In 1978, an initiative called Proposition 6 was placed on the California ballot. The goal of Proposition 6 was to fire all LGBT people teaching in public schools as well as anyone who supported them. In its early stages, the bill was widely supported due to the anti-gay propaganda that insinuated that all gays were social deviants, criminals, and pedophiles.
It was clear that action needed to be taken, but there seemed to be a lack of consortium within the LGBT community. It wasn’t until the newly-appointed San Francisco Supervisor Harvey Milk stepped up to the plate and led the fight against Prop 6 that the initiative faced any formidable adversary. At the election on November 7, 1978, the Proposition 6 was defeated.
Harvey Milk did what few had done in the past. He had a skill for creating community and had the ability to mobilize a large number of supporters to rally behind the cause. While his support was not unanimous across the LGBT community, he was widely respected, and paved the way in making the LGBT community a political force not to be reckoned with.
There is a lot we can learn from Harvey today. Harvey reminds us all why we are activists. Many people focus on the broad reaching goals of LGBT activism. They focus on the grand scale of the change that activism can create. But Harvey’s approach was different. For him, it was about the individual. He created political change so that he could affect people at a very personal level. He wanted to become Supervisor so that the people who had nowhere to turn and no one to turn to could have a source of inspiration and hope.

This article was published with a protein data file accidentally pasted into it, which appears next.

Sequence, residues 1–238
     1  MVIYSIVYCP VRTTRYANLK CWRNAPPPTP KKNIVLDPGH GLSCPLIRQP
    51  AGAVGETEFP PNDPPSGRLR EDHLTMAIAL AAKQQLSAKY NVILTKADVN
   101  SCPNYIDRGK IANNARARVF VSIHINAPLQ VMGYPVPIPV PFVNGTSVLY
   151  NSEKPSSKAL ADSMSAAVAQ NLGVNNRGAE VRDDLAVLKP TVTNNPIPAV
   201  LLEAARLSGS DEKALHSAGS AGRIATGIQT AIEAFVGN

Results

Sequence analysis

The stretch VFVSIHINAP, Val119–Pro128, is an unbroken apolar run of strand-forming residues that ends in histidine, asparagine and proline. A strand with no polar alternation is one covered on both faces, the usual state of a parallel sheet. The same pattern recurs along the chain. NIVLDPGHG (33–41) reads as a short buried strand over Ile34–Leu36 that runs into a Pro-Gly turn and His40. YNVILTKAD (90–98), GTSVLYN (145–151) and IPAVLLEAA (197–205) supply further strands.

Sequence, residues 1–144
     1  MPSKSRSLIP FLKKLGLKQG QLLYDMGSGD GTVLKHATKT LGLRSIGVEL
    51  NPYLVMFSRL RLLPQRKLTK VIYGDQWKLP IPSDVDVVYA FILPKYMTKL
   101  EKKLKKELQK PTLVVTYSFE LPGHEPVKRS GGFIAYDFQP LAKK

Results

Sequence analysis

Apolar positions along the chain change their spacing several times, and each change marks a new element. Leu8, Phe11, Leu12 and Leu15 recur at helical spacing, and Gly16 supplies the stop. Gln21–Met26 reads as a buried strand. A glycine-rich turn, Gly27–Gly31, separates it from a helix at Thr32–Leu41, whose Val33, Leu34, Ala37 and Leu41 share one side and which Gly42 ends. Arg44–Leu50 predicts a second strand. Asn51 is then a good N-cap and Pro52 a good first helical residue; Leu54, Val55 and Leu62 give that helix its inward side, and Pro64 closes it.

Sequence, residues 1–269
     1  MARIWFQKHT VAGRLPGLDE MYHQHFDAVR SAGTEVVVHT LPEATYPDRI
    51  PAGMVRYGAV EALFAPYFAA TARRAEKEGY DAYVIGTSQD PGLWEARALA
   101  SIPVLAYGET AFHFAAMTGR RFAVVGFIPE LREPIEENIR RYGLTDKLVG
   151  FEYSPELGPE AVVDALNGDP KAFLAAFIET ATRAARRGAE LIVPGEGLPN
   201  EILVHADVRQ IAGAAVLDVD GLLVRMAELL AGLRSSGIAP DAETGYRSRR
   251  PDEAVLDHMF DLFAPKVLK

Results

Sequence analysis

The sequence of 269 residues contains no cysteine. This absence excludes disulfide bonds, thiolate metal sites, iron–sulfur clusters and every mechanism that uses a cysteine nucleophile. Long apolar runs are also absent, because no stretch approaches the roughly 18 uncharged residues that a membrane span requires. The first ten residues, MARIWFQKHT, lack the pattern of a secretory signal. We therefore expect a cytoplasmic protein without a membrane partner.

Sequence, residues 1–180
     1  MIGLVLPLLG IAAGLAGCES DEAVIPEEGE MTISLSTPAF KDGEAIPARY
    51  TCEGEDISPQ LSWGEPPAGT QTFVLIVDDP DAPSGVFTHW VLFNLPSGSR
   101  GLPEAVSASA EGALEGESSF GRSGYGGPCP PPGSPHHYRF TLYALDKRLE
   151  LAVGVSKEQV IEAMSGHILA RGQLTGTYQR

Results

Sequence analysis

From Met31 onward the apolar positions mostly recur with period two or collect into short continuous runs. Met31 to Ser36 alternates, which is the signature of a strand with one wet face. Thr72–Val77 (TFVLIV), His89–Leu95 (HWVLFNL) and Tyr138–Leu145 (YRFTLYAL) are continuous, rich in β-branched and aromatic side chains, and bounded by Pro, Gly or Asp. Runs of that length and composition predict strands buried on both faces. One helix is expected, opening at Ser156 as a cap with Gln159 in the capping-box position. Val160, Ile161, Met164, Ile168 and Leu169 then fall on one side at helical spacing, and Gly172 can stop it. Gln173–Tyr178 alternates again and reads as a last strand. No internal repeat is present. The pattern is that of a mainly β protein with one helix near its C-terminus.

Harvey is best known for his message of hope. It is a very simple concept, really, but so often does that message get lost in the hullabaloo of activist life. To me, Harvey reminds me of why I am an activist, why I founded BAYS, and how I should be as a human being. I am an activist so that individuals can have better lives, and have more hope for their future.
BAYS fights bullying, but is it so different than fighting Proposition 6? Proposition 6 was institutional bullying, but bullying nonetheless. There is a lot to learn from Harvey, notably the importance of community, and the importance of individual empowerment. Harvey Milk taught me the power of hope. I know for me, personally, Harvey still gives me hope, and that hope fuels me, drives me to make schools safer for every student. I hope that you can find the same inspiration from Harvey that I have found, and hopefully you can pass some of the hope along as I hope I am doing, too.
Happy Harvey Milk Day, and for more information on Milk, watch “Milk” (of course), but also check out the documentary “The Times of Harvey Milk.”